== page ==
Singapore shares falter as macroeconomic uncertainty lingers, STI down 0.5%

The benchmark Straits Times Index fell 0.5 per cent or 14.78 points to 2,858.02. ST PHOTO: KUA CHEE SIONG

SINGAPORE (THE BUSINESS TIMES) - Singapore stocks ended Thursday in the red as investors remained generally cautious about Brexit talks, vaccine news and a US stimulus package. In Singapore, a 4.9 per cent year-on-year fall in non-oil domestic exports (NODX) also contributed to bearish investor sentiment.

The benchmark Straits Times Index (STI) fell 0.5 per cent or 14.78 points to 2,858.02. On the broader market, decliners edged out advancers 205 to 202, after 2.04 billion securities worth S$1.13 billion changed hands.

Over at Wall Street, indices ended Wednesday's session on mixed grounds. The Dow Jones Industrial Average fell 0.2 per cent, while the S&P 500 and Nasdaq added 0.2 per cent and 0.5 per cent respectively.

The Federal Reserve at its latest meeting said it would continue to keep interest rates near zero to support the economy amid a surge in Covid-19 cases, and remains committed to buying bonds to help employment and inflation figures.

Said Oanda senior market analyst Craig Erlam: "The central bank did commit to maintaining its already highly accommodative stance for longer than it previously had though so I guess this was an easing, of sorts, albeit not the knockout blow many had hoped for."

Only nine out of the 30 constituent stocks ended in the black. Sembcorp Industries was the biggest advancer, gaining 1.7 per cent or S$0.03 to finish the day at S$1.75. ComfortDelGro was another advancer, adding 1.2 per cent or S$0.02 to S$1.74.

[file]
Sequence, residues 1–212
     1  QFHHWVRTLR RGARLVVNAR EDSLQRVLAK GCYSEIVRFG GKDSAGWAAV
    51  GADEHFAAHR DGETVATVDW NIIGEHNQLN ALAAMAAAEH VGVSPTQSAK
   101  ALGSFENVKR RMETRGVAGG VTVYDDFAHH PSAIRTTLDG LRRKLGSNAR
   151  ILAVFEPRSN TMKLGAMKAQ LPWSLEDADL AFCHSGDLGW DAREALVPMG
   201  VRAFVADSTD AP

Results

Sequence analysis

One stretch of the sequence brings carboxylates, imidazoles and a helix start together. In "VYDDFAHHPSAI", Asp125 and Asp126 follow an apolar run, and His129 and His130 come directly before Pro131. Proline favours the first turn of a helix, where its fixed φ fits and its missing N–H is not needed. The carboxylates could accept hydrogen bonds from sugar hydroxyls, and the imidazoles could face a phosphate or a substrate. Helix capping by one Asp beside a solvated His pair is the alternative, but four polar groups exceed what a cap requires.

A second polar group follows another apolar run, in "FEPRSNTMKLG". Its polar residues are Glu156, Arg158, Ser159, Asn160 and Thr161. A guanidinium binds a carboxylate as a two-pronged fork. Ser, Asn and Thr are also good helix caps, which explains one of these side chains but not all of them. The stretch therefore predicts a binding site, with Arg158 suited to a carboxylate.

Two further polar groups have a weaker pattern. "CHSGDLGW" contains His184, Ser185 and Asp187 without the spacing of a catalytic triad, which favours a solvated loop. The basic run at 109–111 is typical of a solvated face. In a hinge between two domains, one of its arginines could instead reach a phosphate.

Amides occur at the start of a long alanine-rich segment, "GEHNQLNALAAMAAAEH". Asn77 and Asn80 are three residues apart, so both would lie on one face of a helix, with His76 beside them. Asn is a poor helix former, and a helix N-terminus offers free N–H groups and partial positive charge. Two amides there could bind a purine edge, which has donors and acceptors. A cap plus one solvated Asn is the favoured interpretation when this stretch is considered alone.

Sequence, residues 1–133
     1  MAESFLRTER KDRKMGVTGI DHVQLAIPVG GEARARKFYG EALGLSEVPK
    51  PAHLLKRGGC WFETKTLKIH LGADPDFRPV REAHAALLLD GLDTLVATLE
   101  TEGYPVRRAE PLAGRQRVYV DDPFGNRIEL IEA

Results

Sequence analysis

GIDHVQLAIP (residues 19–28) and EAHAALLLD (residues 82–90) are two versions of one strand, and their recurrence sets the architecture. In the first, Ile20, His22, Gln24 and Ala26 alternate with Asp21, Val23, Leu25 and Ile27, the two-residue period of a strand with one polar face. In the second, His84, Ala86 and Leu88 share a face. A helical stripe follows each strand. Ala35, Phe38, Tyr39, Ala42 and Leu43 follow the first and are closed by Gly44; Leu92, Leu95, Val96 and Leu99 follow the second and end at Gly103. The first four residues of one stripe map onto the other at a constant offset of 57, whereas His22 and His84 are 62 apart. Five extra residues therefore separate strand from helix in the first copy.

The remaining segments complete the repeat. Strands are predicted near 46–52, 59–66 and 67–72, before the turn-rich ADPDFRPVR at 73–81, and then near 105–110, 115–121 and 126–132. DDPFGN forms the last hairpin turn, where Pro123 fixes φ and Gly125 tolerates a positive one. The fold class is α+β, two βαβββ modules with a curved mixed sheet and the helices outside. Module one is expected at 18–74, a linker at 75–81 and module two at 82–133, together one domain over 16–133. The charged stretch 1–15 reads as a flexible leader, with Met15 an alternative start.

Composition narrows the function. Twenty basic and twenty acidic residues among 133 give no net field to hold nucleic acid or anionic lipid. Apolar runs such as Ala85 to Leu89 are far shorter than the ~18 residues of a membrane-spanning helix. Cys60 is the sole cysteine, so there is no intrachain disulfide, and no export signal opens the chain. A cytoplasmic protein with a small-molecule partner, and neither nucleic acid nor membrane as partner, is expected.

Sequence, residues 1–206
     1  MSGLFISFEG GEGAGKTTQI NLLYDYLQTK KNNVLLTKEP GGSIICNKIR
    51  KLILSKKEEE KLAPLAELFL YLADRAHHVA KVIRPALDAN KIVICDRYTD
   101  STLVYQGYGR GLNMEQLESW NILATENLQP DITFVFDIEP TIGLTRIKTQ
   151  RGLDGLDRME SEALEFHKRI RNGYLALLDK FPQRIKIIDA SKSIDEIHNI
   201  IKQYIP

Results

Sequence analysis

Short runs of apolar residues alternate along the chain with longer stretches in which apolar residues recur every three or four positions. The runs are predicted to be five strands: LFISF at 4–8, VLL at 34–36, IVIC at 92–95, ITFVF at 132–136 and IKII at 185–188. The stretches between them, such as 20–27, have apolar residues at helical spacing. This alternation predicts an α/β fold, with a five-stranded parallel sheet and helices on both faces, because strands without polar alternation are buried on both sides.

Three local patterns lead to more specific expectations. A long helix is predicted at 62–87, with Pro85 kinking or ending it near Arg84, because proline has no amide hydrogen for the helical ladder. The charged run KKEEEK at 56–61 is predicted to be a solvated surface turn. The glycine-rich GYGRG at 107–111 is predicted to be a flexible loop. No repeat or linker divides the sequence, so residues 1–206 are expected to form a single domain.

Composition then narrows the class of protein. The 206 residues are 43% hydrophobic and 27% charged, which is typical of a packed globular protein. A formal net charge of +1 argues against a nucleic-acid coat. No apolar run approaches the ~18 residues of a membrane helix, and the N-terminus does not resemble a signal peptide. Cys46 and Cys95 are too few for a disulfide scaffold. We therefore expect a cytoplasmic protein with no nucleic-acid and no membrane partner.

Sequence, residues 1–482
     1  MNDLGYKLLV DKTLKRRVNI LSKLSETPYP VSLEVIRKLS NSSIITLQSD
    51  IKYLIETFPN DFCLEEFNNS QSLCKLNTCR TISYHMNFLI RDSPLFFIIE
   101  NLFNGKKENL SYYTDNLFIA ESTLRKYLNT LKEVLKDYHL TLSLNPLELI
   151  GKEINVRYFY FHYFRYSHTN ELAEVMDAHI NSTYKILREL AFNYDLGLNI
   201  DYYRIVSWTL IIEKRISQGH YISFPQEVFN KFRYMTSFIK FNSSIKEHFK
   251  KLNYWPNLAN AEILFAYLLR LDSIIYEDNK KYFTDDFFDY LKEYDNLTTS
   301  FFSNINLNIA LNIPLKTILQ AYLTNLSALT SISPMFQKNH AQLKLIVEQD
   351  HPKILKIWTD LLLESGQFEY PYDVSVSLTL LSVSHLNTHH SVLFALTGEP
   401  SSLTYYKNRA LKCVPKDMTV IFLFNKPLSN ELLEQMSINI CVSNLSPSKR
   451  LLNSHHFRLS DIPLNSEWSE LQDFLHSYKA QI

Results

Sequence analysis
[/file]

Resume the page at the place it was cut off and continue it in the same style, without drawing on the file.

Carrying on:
On the other end of the spectrum, Genting Singapore emerged the biggest decliner among the STI stocks. The counter lost 2.3 per cent or S$0.02 to S$0.87. With some 37.7 million shares traded over the course of the day, it was also one of the most heavily traded constituents.

The trio of lenders were also among the biggest losers. DBS lost 0.7 per cent or S$0.19 to S$25.37; OCBC fell 1.4 per cent or S$0.14 to S$10.09; and UOB shed 0.6 per cent or S$0.14 to S$22.85.

Other decliners include Nanofilm Technologies, which lost 1.8 per cent or S$0.08 to S$4.35; and Venture Corporation which slipped 0.3 per cent or S$0.05 to close at S$19.47.

Across the region, markets finished Thursday mixed. The Nikkei 225 closed 0.2 per cent higher; the Hang Seng Index added 0.8 per cent, and the SSE Composite Index rose 1.1 per cent. The KLCI and Jakarta Composite Index, however, lost 0.4 per cent and 0.1 per cent respectively.

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